On Friday, Boeing committed to making its aircraft capable of running on 100% sustainable fuels by the end of the decade. Its commitment includes both its future and its current aircraft! But what does it all mean?
There have already been a number of well-publicised efforts, to fly airliners on sustainable fuels. In theory, this is relatively easy. Jet engines are the ultimate multi-fuel engines: they can run on just about anything – with some caveats. They have to be set up properly, and have the right components for the task. Boeing state that they have already performed test flights with 100% sustainable fuels, in their aircraft.
However, doing it as a test is one thing, certifying its fleet to do it routinely, is another. To achieve its goal for a 100% sustainable fuel capability, Boeing needs much more testing. And they will also need authorities to change some rules, regarding fuel specifications in commercial flights. Basically, they will need the removal of a limit, allowing them to have a maximum of 50% sustainable aviation fuels in a fuel blend.
But Boeing is confident that this will happen. There have already been plenty of tests with such fuels, but to certify its airliners, will require a fair bit of work. The setup work mentioned above is by no means simple. It could involve changing fuel filters, pumps and piping, in entire fleets of aircraft. It could also include more changes to airport fuel vehicles and other installations. Boeing would need to test all this with 100% sustainable, certified fuels.
Some Potential Issues: Scale, Supply And Specifications
We have already seen Airbus presenting a number of concepts and studies, regarding hydrogen, electric and hybrid aircraft designs. These technologies all have one common obstacle: scale. Embraer believes that maximum capacity for all-electric aircraft, in the next 10-15 years, could be up to 50 seats. So, they decided to make their next 76-seat regional into an efficient but conventional turboprop. Others go smaller.
Boeing’s 100% sustainable fuel-burning jets, have a different scaling problem: fuel supply. In 2010, estimates put the worldwide demand for jet fuel at 5,220,000 barrels. There are several potential sources for sustainable jet fuels (100% or blends) out there. Some use algae as source material, or non-recyclable household waste, used vegetable oils or rapeseed oil.
In many ways, the big challenge here is not so much the aircraft and its jet engines. It is how to come up with a dependable supply chain, for 100% sustainable fuels, for Boeing and other jets. Whatever the source, fuel needs to have consistent specifications and quality, if it’s going to be acceptable.
Boeing’s Chief Sustainability Officer Chris Raymond, said:
“With a long history of innovation in sustainable aviation fuels, certifying our family of airplanes to fly on 100% sustainable fuels significantly advances Boeing’s deep commitment to innovate and operate to make the world better. Sustainable aviation fuels are proven, used every day, and have the most immediate and greatest potential to reduce carbon emissions in the near and long term when we work together as an industry.”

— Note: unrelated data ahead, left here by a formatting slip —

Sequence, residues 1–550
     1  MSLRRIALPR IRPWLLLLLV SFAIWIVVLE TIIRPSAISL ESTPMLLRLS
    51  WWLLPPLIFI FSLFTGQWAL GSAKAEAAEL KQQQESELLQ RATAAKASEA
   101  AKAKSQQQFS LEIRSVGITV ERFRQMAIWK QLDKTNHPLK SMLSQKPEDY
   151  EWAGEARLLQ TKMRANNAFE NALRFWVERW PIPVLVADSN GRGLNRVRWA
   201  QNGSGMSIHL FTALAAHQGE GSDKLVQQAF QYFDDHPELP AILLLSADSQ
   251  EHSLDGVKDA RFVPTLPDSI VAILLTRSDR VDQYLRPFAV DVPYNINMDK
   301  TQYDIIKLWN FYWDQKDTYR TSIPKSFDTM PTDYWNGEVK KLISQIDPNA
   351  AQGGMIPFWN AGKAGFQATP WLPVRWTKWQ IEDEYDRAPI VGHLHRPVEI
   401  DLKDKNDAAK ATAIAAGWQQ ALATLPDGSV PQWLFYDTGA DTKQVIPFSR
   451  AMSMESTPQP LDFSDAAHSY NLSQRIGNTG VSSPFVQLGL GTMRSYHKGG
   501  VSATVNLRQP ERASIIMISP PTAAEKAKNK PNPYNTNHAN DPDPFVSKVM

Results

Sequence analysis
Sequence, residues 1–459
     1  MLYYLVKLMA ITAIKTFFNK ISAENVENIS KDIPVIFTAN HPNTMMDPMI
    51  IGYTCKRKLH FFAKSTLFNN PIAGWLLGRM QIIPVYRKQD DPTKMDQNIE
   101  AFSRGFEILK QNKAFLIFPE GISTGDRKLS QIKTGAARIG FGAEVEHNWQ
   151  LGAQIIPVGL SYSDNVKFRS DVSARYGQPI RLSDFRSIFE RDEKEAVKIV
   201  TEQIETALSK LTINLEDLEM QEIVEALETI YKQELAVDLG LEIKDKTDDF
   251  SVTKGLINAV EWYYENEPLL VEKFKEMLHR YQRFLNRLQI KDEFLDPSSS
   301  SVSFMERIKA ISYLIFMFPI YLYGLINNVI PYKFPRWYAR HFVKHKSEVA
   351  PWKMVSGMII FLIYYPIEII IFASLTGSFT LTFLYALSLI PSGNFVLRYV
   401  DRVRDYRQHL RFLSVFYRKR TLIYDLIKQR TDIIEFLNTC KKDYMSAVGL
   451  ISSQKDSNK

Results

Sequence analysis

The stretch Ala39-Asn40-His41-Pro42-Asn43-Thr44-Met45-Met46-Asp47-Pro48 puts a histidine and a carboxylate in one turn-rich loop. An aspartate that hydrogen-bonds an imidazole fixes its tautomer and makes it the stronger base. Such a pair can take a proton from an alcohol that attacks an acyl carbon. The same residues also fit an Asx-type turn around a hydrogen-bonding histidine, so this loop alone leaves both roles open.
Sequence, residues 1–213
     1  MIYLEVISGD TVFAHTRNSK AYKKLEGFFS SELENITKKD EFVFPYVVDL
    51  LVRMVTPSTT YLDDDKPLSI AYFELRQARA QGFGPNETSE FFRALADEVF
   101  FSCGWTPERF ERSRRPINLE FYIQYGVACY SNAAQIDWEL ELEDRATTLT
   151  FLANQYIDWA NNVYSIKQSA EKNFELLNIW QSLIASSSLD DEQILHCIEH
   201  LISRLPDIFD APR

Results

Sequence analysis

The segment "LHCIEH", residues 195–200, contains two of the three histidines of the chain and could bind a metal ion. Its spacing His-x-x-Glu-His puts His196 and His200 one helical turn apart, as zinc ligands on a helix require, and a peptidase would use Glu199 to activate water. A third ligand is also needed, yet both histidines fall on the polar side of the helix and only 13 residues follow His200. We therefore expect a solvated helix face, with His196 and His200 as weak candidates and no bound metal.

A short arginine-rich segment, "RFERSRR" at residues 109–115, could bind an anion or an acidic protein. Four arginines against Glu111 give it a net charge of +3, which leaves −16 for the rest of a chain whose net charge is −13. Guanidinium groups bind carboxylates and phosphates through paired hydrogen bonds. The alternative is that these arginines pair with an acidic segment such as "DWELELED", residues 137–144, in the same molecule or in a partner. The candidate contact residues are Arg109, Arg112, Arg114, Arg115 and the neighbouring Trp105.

Are Boeing’s 100% Sustainable Fuels A Long-Term Solution?
Boeing knows that making its jets capable of running on 100% sustainable fuels is only half the battle. They quote an 80% reduction in CO2 emissions with sustainable fuels, possibly rising to 100% in future. That is over the fuel’s life cycle, meaning that the fuel could have multiple uses. It could start life as cooking oil, then become jet fuel, for instance. Or it could start as a by-product in creating animal feed.
And yet, despite this 80-100% reduction in CO2 emissions, Boeing estimates a reduction in CO2 emissions by “only” 50% by 2050, with aircraft capable of using 100% sustainable fuels. So, the planes being capable of running on 100% sustainable fuels, is one thing. But these numbers strongly suggest that Boeing isn’t sure that enough of these fuels will be available.
Worldwide demand for aviation fuel tripled in the thirty years between 1980 and 2010. Aviation capacity has been increasing in the last 10 years, too. Even with fuel efficiency improvements driving down demand for fuel, we all simply fly more. However, it could be argued that all this is about timing. Boeing’s 100% sustainable fuel plans aim to give time to develop newer, cleaner technologies.
Airbus believes that a new generation of hydrogen airliners could be operational by 2035. Boeing, on the other hand, thinks that an electric, 737-sized airliner can’t come before 2050. And perhaps that’s the whole point. Boeing wants its conventional jets running on 100% sustainable fuel, reducing CO2 emissions, giving it time for the next developments.
We can only hope that Boeing succeeds, and that supply for 100% sustainable fuel materializes. But crucially, we are eagerly waiting to hear from them, about their long-term plans: electric, hydrogen or… other?